This was the first of many examples where sending ideas has helped me get a meeting or a foothold somewhere in the industry. There are very few of my own ideas that have been made. I did get two late night documentaries for Channel 4 commissioned – anyone see Bare & Breakfast about naturist guest houses? Hopefully not. The final shot features me running across the screen stark bollock naked. That’s what television executives might call brave, but I would like to ban use of the word brave in relation to television unless it refers to reporting from a war zone or very dangerous covert filming. My efforts just upset a friend who tuned in randomly to Channel 4 in the early hours, got excited when they heard my voice narrating this odd little documentary only to be appalled by the sight of me scurrying in my birthday suit. The reason for my exposing appearance was that it was all shot by me and I was filming an interview outside. It started raining so I had to run, turn the camera off and lug my gear inside, which seemed like an amusing way to end the film. And I was filming it naked because it was a documentary about naturism and I’m not arsed about the televisual appearance of my arse. That documentary got me through the doors of Tiger Aspect Productions where I freelanced as a producer/director regularly for a few years.

Contacting people with ideas has often lead to opportunities and I encourage you to do so. Do it with grace and research the people and companies you contact. It won’t guarantee a reply, but it will increase the chances. My current job with Channel X came about because I pitched an idea to a producer who had worked at Tiger Aspect, but was now working with Channel X.  They decided to develop it and it nearly got me a job on the television fully clothed. I’ll write about it in more detail in another post, but the salient point is that the idea lead to a relationship with Channel X which convinced them that I might be worth offering a proper job to. And the rest, as they say, is a footnote in comedy history.

1 If you don’t get the reference then watch the BBC comedy W1A.

2 Don’t worry, I wasn’t just sat on my arse for three years waiting for Chris to call again. I did other things.

A Hat Trick of Disasters

When you’re trying to get into a creative industry you would think that being a bit creative and trying to make yourself stand out is the thing to do.  Unfortunately, just like when you are desperate to get a date with someone you really fancy, desperation can be off-putting.  Animals do all sorts of show offy stuff – prancing about flashing their feathers, doing a dance, waggling their arses.  The human equivalent would be wearing a tight t-shirt with my amazing guns almost bursting out of it while clubbing on Union Street1.  Unfortunately the guns are more like those toy pistols with the BANG! flag and I had no tight t-shirts, just charity shop shirts and jackets.  Sometimes it’s better to protect your modesty.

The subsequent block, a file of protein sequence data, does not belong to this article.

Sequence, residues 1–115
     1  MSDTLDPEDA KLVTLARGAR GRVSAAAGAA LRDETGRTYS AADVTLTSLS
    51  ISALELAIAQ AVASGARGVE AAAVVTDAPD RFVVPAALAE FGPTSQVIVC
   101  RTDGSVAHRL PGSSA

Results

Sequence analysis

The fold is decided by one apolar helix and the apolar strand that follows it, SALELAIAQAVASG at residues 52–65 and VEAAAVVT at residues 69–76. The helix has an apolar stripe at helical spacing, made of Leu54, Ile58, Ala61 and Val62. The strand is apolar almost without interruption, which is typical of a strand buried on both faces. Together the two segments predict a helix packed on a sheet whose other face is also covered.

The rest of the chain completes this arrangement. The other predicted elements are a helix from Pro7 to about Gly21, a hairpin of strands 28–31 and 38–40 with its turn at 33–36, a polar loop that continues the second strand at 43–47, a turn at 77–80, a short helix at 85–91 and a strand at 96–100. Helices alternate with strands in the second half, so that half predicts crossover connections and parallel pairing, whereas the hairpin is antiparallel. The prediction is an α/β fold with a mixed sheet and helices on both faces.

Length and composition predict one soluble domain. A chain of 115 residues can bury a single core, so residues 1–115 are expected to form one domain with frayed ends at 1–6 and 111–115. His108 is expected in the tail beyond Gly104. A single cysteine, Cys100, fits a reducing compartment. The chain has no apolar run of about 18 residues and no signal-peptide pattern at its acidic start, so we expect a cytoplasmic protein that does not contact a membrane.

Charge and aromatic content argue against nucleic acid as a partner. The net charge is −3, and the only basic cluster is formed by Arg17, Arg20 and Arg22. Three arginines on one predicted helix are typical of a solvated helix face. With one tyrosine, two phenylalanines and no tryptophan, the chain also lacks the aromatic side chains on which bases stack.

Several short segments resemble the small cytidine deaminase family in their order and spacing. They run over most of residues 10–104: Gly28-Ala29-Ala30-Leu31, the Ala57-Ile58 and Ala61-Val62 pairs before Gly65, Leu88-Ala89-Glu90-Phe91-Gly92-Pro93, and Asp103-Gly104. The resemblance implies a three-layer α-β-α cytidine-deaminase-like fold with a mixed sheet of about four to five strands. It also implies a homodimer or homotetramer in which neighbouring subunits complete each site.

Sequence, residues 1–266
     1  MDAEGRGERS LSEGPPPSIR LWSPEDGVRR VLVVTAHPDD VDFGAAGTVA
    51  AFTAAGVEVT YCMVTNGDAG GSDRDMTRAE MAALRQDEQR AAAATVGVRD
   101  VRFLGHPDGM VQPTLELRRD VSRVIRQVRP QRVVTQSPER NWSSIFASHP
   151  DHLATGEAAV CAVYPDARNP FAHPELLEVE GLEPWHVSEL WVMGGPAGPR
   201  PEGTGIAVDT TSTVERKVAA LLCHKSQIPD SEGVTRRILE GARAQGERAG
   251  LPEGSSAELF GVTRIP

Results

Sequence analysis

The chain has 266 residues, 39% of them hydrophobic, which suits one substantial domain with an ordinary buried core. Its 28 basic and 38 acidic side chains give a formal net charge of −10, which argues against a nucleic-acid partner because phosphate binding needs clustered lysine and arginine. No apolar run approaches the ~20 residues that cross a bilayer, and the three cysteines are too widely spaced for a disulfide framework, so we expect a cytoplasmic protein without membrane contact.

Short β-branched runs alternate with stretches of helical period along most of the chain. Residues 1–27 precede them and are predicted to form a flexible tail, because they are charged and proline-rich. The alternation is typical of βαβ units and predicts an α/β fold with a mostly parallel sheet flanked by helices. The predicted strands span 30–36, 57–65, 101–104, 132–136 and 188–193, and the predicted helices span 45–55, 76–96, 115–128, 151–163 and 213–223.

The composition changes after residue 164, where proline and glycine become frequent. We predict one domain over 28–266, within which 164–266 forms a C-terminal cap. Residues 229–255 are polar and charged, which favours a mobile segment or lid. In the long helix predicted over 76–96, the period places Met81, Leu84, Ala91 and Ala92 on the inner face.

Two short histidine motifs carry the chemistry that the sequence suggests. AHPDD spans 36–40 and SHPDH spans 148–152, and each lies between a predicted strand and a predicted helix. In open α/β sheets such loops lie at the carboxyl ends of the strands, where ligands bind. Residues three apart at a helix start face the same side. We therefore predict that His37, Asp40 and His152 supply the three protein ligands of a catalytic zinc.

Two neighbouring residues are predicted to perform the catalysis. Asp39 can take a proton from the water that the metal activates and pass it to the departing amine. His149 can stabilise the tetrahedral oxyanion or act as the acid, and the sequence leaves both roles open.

Sadly, in 1994, desperate times called for desperate and ill-thought out measures.  I had tried writing the usual formal letters to production companies begging them for work experience to no avail.  I had applied for jobs and kept getting rejected, unless working in HMV counts.  What I needed to do was show my creativity.  I loved comedy, so why not write to one of the biggest comedy production companies and wow them with how hilarious I am?  A sure fire route to success.

I had enjoyed Jimmy Mulville’s work on Who Dares Wins, Chelmsford 123 and was a big fan of Drop the Dead Donkey and Have I Got News For You. My plan was to write the funniest covering letter to Jimmy at Hat Trick Productions and he would find enclosed the most brilliantly comic made up CV possible.  He would read it, literally wet himself and hire me on the spot.  Deal.

The letter and CV probably exists on a now obsolete floppy disc somewhere in my archive of shame. I can’t remember much about the content, but the CV was entirely fictional and the letter probably contained an offer to prostitute myself to the entire company.  One thing I do remember very clearly is writing that I would be happy to prepare lines of cocaine for Angus Deayton.  It was a long time before that scandal broke, so little did I know this was obviously too close to the bone.  Jimmy probably burnt the letter while on his own powder binge cursing my name and vowing never to employ me.2  I’m sure this is why Hat Trick has never given me a job, although I don’t think I ever applied for one after this.